IDEAS home Printed from https://ideas.repec.org/a/kap/theord/v70y2011i3p329-366.html
   My bibliography  Save this article

Performance of procrastinators: on the value of deadlines

Author

Listed:
  • Fabian Herweg

    ()

  • Daniel Müller

    ()

Abstract

Earlier study has shown that procrastination can be explained by quasi-hyperbolic discounting. We present a model of effort choice over time that shifts the focus from completion of to performance on a single task. We find that being aware of the own self-control problems may reduce a person’s performance as well as his or her overall well-being, which is in contrast to the existing literature on procrastination. Extending this framework to a multi-task model, we show that interim deadlines help a quasi-hyperbolic discounter to structure his or her workload more efficiently, which in turn leads to better performance. Moreover, being restricted by deadlines increases a quasi-hyperbolic discounter’s well-being. Thus, we provide a theoretical underpinning for recent empirical evidence and numerous casual observations.
(This abstract was borrowed from another version of this item.)

Suggested Citation

  • Fabian Herweg & Daniel Müller, 2011. "Performance of procrastinators: on the value of deadlines," Theory and Decision, Springer, vol. 70(3), pages 329-366, March.
  • Handle: RePEc:kap:theord:v:70:y:2011:i:3:p:329-366 DOI: 10.1007/s11238-010-9195-6
    as

    Download full text from publisher

    File URL: http://hdl.handle.net/10.1007/s11238-010-9195-6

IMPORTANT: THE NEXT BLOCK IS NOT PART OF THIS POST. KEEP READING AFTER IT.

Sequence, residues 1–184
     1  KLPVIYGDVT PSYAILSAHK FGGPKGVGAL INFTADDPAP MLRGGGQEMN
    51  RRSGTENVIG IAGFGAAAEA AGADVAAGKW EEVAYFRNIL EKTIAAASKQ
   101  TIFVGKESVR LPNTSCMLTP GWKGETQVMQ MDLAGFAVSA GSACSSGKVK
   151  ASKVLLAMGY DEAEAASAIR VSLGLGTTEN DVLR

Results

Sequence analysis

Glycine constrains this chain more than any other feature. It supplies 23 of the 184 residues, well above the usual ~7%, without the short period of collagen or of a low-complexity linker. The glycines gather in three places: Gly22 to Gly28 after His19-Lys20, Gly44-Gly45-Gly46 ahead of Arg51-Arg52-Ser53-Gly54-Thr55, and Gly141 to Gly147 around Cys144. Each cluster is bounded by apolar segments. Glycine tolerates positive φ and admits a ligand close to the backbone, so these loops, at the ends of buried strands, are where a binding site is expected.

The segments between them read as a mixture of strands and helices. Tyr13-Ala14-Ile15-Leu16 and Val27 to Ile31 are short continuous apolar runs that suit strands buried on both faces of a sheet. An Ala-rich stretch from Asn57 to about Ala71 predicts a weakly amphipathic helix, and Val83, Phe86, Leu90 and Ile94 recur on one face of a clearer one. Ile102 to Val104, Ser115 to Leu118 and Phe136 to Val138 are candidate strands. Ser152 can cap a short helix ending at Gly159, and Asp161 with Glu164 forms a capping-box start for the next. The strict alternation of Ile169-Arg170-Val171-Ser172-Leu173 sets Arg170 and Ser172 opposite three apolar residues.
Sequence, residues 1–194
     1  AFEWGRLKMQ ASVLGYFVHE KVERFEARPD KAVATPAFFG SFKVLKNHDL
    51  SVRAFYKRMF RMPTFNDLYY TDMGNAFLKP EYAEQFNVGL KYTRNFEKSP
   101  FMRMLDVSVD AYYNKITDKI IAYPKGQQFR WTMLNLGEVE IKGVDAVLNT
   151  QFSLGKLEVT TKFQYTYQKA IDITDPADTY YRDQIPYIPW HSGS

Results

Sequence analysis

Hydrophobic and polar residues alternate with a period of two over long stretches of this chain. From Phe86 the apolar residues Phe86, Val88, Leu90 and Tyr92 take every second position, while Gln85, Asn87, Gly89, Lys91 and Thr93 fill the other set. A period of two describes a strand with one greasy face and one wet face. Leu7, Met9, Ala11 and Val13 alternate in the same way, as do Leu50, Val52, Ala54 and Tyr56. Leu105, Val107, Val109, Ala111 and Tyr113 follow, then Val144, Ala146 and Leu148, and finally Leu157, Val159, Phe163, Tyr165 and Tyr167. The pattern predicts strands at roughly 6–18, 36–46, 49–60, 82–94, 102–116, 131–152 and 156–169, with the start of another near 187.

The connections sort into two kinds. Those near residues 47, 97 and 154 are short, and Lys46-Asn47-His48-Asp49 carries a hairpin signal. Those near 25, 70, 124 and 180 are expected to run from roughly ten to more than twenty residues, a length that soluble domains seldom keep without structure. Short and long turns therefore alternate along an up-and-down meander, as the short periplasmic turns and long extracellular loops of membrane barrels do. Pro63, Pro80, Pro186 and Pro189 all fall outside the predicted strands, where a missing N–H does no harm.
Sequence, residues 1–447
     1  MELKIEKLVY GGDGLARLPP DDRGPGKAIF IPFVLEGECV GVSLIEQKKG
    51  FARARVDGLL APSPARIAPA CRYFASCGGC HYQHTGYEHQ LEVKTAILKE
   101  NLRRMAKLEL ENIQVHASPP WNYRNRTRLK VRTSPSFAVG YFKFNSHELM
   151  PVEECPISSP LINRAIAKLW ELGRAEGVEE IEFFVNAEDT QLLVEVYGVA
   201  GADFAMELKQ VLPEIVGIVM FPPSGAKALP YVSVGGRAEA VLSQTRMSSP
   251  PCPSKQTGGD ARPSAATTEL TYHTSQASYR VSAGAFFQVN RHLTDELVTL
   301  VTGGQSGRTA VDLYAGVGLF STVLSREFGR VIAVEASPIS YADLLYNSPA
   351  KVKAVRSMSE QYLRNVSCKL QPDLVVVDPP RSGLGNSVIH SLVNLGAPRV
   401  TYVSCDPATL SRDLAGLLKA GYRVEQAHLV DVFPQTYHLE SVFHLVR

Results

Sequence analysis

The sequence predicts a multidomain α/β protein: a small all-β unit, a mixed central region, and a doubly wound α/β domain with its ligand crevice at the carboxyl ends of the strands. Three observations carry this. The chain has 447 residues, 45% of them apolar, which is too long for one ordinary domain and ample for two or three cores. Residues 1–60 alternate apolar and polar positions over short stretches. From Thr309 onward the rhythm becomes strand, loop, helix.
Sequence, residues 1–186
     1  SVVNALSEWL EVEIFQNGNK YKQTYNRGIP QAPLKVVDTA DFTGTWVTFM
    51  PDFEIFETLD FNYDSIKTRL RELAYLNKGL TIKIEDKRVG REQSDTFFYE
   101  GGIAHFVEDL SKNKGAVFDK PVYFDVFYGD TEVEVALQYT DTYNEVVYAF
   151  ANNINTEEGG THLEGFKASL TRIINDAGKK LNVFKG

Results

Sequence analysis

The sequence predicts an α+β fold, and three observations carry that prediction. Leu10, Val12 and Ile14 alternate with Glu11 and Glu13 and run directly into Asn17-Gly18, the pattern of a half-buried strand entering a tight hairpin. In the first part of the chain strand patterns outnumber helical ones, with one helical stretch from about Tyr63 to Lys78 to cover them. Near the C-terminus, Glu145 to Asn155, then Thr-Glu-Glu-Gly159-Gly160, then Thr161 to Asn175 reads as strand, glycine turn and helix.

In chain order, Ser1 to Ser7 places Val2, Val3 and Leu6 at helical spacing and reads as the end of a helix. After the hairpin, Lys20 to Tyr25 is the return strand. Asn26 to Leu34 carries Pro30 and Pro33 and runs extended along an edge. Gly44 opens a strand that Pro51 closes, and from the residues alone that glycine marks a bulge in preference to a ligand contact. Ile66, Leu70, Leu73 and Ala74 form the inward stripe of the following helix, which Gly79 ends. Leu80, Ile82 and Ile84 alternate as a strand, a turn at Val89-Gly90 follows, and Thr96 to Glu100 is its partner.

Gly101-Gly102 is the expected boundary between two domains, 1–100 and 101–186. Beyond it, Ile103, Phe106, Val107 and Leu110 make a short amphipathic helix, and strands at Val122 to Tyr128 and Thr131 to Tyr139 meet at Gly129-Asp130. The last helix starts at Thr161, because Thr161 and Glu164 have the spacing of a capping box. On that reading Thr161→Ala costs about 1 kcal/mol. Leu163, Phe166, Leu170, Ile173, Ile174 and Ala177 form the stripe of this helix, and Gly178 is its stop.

Download Restriction: Access to full text is restricted to subscribers.

    As the access to this document is restricted, you may want to look for a different version below or search for a different version of it.

    Other versions of this item:

    References listed on IDEAS

    as
    1. Wong, Wei-Kang, 2008. "How much time-inconsistency is there and does it matter? Evidence on self-awareness, size, and effects," Journal of Economic Behavior & Organization, Elsevier, vol. 68(3-4), pages 645-656, December.
    2. R. A. Pollak, 1968. "Consistent Planning," Review of Economic Studies, Oxford University Press, vol. 35(2), pages 201-208.
    3. O'Donoghue, Ted & Rabin, Matthew, 2008. "Procrastination on long-term projects," Journal of Economic Behavior & Organization, Elsevier, vol. 66(2), pages 161-175, May.
    4. Matthew Rabin & Ted O'Donoghue, 1999. "Doing It Now or Later," American Economic Review, American Economic Association, pages 103-124.
    5. David I. Laibson & Andrea Repetto & Jeremy Tobacman, 1998. "Self-Control and Saving for Retirement," Brookings Papers on Economic Activity, Economic Studies Program, The Brookings Institution, vol. 29(1), pages 91-196.
    6. Laibson, David, 1998. "Life-cycle consumption and hyperbolic discount functions," European Economic Review, Elsevier, vol. 42(3-5), pages 861-871, May.